TCS Daily

The Destabilizing Oil Speculator

By Arnold Kling - May 24, 2004 12:00 AM

"John Kerry's quick-fix suggestion that the strategic petroleum reserve be opened is simply another example of political opportunism; he made more sense in 2000 when he opposed opening the reserve."
-- James Robbins, National Review Online, 5-19-04

"In short, we don't need the SPR and, in a perfect world, we'd sell off the oil here and now, and then shut the whole thing down."
-- Jerry Taylor and Peter Van Doren, National Review Online. 5-20-04

The policy pundits cannot seem to agree on the best approach for handling the Strategic Petroleum Reserve (SPR). John Kerry and other Democrats have proposed releasing some oil from the SPR in order to provide some relief to motorists stung by high gasoline prices. A Wall Street Journal editorial derides this as "grandstanding," saying that, "The U.S. strategic oil reserve has the serious purpose of ensuring oil supplies in the event of a threat to national security. It is not the play-toy of politicians...We were glad to see Mr. Bush declare yesterday that he won't touch the SPR."

My own view is closest to that of Taylor and Van Doren. It should be the responsibility of the private sector, not the government, to obtain insurance against oil market disruptions. The SPR has introduced government into the oil market as a destabilizing speculator.

A Trader's Proposal

Financial columnist Allan Sloan found an oil market participant with an interesting perspective. "One approach, suggested by Loews CEO Jim Tisch, whose company has extensive energy holdings, is to trade some reserve oil for oil to be delivered in a year."

To explain the trader's mindset, let us use a different example: wine. Suppose that you own a restaurant, and you have some vintage wine in your cellar. Should you sell it today, or let it age another year? The answer depends on three factors: the price of wine today, the price you expect to be able to get for it next year, and the interest rate.

Suppose that you can sell the wine today for $100. If you then put that $100 in the bank at five percent interest, you will have $105. If the wine will cost $103 next year, you can buy back the wine and keep $2 profit. Conversely, if the wine will cost $106 next year, then you can earn a higher return by keeping the wine for a year than by selling it and putting the money in the bank.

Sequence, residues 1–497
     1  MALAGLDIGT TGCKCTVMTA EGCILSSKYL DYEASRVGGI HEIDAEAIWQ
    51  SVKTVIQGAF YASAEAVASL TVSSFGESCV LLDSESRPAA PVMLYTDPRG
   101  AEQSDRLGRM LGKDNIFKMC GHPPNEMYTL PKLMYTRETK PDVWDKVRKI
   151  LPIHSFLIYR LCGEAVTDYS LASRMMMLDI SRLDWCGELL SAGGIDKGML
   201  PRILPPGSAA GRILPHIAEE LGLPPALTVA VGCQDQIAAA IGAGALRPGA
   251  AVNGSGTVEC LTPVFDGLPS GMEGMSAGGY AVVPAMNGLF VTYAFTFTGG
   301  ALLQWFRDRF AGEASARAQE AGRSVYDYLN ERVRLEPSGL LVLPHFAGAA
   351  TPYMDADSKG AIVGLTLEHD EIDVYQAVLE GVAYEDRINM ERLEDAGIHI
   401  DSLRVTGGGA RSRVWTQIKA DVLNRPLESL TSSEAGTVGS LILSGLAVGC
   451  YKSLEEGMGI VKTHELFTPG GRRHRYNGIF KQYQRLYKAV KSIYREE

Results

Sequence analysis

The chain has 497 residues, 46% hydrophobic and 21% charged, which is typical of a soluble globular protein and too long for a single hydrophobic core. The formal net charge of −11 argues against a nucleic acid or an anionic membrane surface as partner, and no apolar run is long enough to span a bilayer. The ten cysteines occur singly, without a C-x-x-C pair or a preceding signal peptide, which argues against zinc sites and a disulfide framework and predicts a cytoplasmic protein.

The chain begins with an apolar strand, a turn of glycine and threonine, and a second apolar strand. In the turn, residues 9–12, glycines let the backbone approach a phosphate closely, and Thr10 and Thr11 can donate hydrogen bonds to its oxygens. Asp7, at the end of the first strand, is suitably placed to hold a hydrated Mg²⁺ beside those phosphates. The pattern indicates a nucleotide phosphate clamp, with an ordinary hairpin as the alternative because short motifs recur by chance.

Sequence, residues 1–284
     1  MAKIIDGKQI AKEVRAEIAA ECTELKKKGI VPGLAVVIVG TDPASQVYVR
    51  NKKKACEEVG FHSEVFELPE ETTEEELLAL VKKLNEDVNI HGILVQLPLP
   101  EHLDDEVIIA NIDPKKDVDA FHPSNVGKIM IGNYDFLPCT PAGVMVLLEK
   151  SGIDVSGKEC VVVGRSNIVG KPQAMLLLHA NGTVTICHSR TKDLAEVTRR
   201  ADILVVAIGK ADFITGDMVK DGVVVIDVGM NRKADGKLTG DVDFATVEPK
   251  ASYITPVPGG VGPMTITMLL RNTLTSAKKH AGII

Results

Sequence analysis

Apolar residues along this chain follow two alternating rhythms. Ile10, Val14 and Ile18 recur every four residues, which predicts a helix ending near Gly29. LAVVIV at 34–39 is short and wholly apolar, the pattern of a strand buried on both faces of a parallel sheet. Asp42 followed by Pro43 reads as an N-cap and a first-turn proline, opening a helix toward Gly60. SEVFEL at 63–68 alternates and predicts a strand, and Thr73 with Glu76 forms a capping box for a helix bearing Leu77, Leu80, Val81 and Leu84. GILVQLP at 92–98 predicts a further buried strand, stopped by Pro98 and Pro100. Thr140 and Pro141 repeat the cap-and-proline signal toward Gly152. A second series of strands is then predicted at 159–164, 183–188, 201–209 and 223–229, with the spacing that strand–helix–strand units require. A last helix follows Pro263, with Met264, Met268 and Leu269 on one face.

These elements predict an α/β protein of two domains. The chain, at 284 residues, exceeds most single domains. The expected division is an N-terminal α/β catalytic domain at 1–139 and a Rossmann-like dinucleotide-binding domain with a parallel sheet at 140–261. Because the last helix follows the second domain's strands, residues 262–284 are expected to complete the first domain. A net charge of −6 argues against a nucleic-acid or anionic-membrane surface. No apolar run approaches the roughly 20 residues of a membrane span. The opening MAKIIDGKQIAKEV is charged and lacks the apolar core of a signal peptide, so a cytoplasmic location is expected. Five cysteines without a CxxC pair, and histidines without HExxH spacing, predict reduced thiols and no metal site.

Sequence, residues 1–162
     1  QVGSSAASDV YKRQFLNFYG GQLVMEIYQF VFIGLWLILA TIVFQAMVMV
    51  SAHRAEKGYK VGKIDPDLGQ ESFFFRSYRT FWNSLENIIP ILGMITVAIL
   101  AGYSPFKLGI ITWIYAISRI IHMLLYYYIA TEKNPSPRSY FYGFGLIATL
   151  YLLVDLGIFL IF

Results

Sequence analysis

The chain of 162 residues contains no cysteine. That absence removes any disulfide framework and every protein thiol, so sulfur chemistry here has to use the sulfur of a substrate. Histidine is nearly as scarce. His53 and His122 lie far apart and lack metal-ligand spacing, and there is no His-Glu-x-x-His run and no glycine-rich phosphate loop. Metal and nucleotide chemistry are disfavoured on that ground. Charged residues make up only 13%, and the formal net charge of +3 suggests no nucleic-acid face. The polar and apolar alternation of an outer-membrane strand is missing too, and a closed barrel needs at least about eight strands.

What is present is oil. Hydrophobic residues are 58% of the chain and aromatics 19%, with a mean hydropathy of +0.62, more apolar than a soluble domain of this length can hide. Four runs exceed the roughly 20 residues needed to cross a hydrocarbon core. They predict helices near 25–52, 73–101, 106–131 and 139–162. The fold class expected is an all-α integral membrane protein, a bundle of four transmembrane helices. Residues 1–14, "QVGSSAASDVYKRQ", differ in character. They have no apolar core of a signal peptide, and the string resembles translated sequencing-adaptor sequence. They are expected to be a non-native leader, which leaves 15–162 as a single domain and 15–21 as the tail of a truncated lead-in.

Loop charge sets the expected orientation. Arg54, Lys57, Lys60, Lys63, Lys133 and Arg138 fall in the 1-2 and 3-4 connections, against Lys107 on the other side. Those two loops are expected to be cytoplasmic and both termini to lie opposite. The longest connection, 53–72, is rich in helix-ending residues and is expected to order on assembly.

What is true for wine is approximately true for any storable commodity. The price for delivery one year from now should be fairly close to the price today, plus the interest rate. If this relationship does not hold, then there are profit opportunities for speculators.


The oil trader is seeing profit opportunities in the pattern of futures prices for crude. My curiosity aroused, I checked this page on May 20th for the market closing prices of the previous day. Indeed, rather than a pattern of prices rising at the rate of interest, it showed crude prices steadily declining, a phenomenon known as backwardation.

For example, the price for delivery in June 2004 was $41.50, while the June 2005 price was $35.83. What this means is that if you have crude oil, you can sell 1000 barrels for delivery this June for $41.50 per barrel and buy a futures contract for 1000 barrels of oil for delivery in June of 2005 for $35.83. As a result, in June of 2005 you get your oil back, along with $5.67 per barrel profit plus the interest that you can earn for one year on $41,500 (the proceeds from selling 1000 barrels at $41.50 per barrel).

Backwardation induces people with oil to sell it today. In principle, if you have oil in inventory, you should sell every drop while the price is at its peak. If you want to benefit from or hedge against further price increases, you can buy oil futures contracts instead.

With backwardation, every rational, profit-maximizing participant in the oil market will unload his inventories. With inventories thin, there will be no buffer in the market, and prices will tend to fluctuate dramatically in response to small shifts in supply and demand. This is what happened in 1996, as described this article.

What Explains Backwardation?

I posed the question of what explains backwardation to two leading business school professors. Robert McDonald of Northwestern University's Kellogg School of Management, who is the author of a treatise on financial derivatives, emailed that "When economic conditions are such that oil is being consumed as fast as it is produced, then there is no storage. The market is saying: supply your oil now, not tomorrow. This is only possible because there's a limited rate at which oil can be extracted -- the storage that occurs is involuntary."